95th ESA Annual Meeting (August 1 -- 6, 2010)

OOS 45 - Latitudinal Gradients in Consumer-Resource Interactions: Bridging the Gap between Pattern and Processes (Part 2 of 2).

Thursday, August 5, 2010: 1:30 PM-5:00 PM
303-304, David L Lawrence Convention Center
Laurie Marczak
Chuan-Kai Ho , Tania N. Kim and Steven Pennings
Steven Pennings
An important recent advance in ecology has been the renaissance of macroecology. Most macroecological research, however, is non-experimental and remains focused on pattern. At the same time, those studies that have used the tools of experimental community ecology to address questions at geographic scales have found this to be a highly productive approach. The necessity of understanding how and why species interactions vary across broad spatial gradients is highlighted by global threats to biodiversity and the current rate of species loss. We propose a session that integrates descriptive approaches to documenting latitudinal patterns with experimental approaches focused on underlying mechanisms. This organized oral session brings together the research of both senior and upcoming researchers who are using novel approaches (null modeling, phylogenetics, experimental community ecology) to explore the causes and consequences of broad geographic patterns in species interactions. In this session, we will provide a venue for upcoming and established scientists to present the more recent theoretical and empirical advances in attempts to link pattern process in consumer-resource interactions across large geographic ranges. We will first begin by providing a synthetic overview on the origin and maintenance of latitudinal gradients in species interactions, focusing on examples from marine intertidal habitat. Next, we will focus on patterns of trophic interactions driven by both bottom-up and top-down sources of variation. Although researchers in the field generally agree that both forces are in play in any given context – the ways in which they interact at large scales is a current source of debate. This part of the session will provide an opportunity to assess the generality of latitudinal patterns in these relationships. The second part of the session will focus on evolutionary perspectives. Geographic sources of variation are an important component of attempting to understand how species interactions such as coevolutionary arms races or life history changes spurred by inter- and intra-specific competition play out. We will provide examples of genetically-based clines in prey defenses as mechanisms for variability in consumer-prey interactions. The session will conclude with talks that link to the broader conference theme of climate change. We will focus on research that integrates evolutionary and ecological perspectives on maintaining diversity gradients and on the mechanisms underpinning population responses to climate induced range expansion. Together, these talks will synthesize food web, evolutionary, and climate-related perspectives to explore the causes and consequences of latitudinal gradients in species interactions.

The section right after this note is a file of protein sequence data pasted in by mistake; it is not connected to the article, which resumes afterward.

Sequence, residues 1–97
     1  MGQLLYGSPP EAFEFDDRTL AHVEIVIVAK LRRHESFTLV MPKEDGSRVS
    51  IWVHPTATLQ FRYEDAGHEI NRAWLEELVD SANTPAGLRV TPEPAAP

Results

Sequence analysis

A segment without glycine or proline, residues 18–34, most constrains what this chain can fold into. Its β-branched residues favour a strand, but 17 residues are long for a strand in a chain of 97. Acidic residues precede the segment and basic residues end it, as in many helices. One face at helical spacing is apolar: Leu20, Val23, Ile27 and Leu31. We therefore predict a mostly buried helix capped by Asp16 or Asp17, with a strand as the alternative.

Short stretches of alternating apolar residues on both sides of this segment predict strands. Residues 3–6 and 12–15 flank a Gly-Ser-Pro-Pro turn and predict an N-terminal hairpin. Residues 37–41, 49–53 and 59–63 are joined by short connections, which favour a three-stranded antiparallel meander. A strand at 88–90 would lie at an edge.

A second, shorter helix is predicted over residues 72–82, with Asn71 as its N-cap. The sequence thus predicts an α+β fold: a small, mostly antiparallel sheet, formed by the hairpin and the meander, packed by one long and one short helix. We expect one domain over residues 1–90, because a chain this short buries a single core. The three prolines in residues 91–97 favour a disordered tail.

1:30 PM
Synthesis: The origin and maintenance of species diversity across latitude
Kaustuv Roy, University of California San Diego
1:50 PM
Preference and performance in plant-herbivore interactions across latitude
Chuan-Kai Ho, National Taiwan University; Steven Pennings, University of Houston
2:30 PM
Latitudinal variation in plant palatability and herbivore pressure in two old-field habitat species
Tania N. Kim, University of Wisconsin-Madison; Nora C. Underwood, Florida State University
2:50 PM
Genetically based clines in plant defenses
Anurag A. Agrawal, Cornell University; Ellen C. Woods, Cornell University; Stephen B. Heard, University of New Brunswick; Nash Turley, University of Toronto
3:10 PM
3:20 PM
Latitudinal gradient of the coevolutionary arms race involving a long-mouthed weevil and its host camellia plant
Hirokazu Toju, National Institute of Advanced Industrial Science and Technology - Japan.
3:40 PM
Adaptation to slow host plants prevents rapid insect responses to climate change
Shannon L. Pelini, Harvard University; Jessica A. Keppel, University of North Carolina; Ann E. Kelley, University of Michigan; Jessica J. Hellmann, University of Notre Dame
See more of: Organized Oral Session